Inc.com’s Ilan Mochari wrote “What Happens When Entrepreneurs Fall in Love With Their Creations”.  The article went in a different way than I thought.  In light of the Golden Globe-nominate Her starring Joaquin Phoenix and Scarlett Johansson (voice) where Phoenix’s character, Theodore Twombly, falls in love with a computer system, Mochari writes about the propensity for entrepreneurs to fall in love with their creations.  Though, the ending was more of a cautionary note for any one of us, in general, about the attachment we have these days to technologies. 
Mochari opened the article talking about the “edifice complex,” a spin on the Oedipus complex when sons fall in love with their mothers.  The edifice complex is where a person falls in love with a building, or at least, the desire to the design one.
Mochari talks about how Jim Koch’s, founder of Boston Beer Co., love for his business enabled him to pursue building a state-of-the-art manufacturing facility despite providing minimal value, instead, adding substantial costs in capital and operating costs.  (He later realized his folly and moved to build a smaller facility, but only after heavy investment in time and capital.)
Lessons and Take-Aways
The conclusion of the article was a little more “generic”, and could serve entrepreneurs/ readers with a more cautionary tale in touching on Koch’s dilemma.  That is, there are many perils when it comes to loving our creations as entrepreneurs including some thoughts below:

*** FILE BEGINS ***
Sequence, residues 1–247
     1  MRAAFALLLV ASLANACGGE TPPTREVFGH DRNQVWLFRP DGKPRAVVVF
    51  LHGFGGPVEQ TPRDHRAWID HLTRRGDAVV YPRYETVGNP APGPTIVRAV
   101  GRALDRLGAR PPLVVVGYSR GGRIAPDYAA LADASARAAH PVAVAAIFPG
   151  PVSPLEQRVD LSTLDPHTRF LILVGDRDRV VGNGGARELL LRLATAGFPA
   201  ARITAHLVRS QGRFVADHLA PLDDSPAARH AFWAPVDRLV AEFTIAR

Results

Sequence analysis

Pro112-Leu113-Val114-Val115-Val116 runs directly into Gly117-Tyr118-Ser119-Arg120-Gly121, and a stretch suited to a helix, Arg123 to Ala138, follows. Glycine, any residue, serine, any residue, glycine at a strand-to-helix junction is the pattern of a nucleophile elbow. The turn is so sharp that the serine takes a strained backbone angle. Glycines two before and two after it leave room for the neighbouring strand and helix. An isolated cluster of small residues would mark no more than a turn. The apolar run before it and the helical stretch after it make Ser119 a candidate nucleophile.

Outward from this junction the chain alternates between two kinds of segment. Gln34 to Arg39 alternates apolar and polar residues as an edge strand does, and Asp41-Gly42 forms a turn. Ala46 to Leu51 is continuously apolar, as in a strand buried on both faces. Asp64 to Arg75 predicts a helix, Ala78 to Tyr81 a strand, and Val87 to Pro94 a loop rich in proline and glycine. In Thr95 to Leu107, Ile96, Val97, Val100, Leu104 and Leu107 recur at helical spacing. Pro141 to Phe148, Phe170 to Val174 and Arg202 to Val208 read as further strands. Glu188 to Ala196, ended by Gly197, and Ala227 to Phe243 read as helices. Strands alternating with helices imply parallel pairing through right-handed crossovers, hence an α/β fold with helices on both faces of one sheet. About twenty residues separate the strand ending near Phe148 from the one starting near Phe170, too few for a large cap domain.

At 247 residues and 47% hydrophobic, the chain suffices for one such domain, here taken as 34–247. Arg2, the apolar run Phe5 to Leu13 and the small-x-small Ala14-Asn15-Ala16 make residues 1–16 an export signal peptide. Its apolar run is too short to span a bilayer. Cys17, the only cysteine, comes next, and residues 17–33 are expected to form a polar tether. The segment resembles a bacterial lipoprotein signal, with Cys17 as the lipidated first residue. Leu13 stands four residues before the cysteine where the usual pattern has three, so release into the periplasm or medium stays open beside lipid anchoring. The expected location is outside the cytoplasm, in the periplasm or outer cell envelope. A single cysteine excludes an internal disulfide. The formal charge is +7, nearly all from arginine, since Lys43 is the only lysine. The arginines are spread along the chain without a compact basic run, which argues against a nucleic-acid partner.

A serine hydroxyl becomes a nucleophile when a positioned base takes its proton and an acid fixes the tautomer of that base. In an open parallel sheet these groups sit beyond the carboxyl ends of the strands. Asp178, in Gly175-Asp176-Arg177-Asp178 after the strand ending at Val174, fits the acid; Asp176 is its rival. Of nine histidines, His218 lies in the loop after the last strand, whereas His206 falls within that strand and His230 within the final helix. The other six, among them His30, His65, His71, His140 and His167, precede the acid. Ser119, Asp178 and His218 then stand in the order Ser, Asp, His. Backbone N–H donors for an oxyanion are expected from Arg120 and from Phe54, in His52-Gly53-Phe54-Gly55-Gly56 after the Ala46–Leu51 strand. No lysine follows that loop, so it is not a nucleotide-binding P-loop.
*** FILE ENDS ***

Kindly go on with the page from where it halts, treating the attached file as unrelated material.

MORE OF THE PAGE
Failure to see the real opportunities.  I’ve long described entrepreneurial endeavors analogous to raising a kid (for better or worse).  As such, we sometimes believe our creations are perfect as they are, and no, he never bit Little Billy despite jaw impressions to the contrary.
When you’ve spent hours and weeks and months and years on your product, you may be blinded to see that there is something eerily wrong underneath the covers.  As such, it’s important that even though you may test features for success/ failure, getting feedback early and often from your customers and prospects lends critical perspective to ensure your product hits the spot.

Blinded to the failures.  Somewhere in your journey of the startup roller coaster, you may stumble and fall.  Periodically, the team should evaluate the direction of the company, and whether or not the current path will lead to the Land where you want to be.  However, sometimes love of your startup may blind you thinking your startup will succeed, when in fact, it won’t.  Either a pivot is needed, or shutting down is the more appropriate direction so you can move onto another project.  Of course, this can be tricky and takes real consideration whether or not you may just be in the “trough”.

Stagnation for improvement.  This can be confused with the above, but I want this to be clear: what I mean here is the debt (not financial, but technical or otherwise) of the startup.  If you’ve been working on a project for years (oftentimes, not that long), you may believe your product is so perfect that it can’t actually be improved anymore. Or maybe that it’s in a great place where it doesn’t need to be improved.
We, as a people, should strive to learn to better ourselves and the people around us.  We’ve always got room to improve.  As such, our creations oftentimes have room for improvement as well.
I like the notion of the idea of Six Sigma – the notion of process improvement to reduce variability.  With Six Sigma, you’re constantly looking to improve.  When you reduce variation to some level, then you crank the screws tighter and the cycle for improvement continues.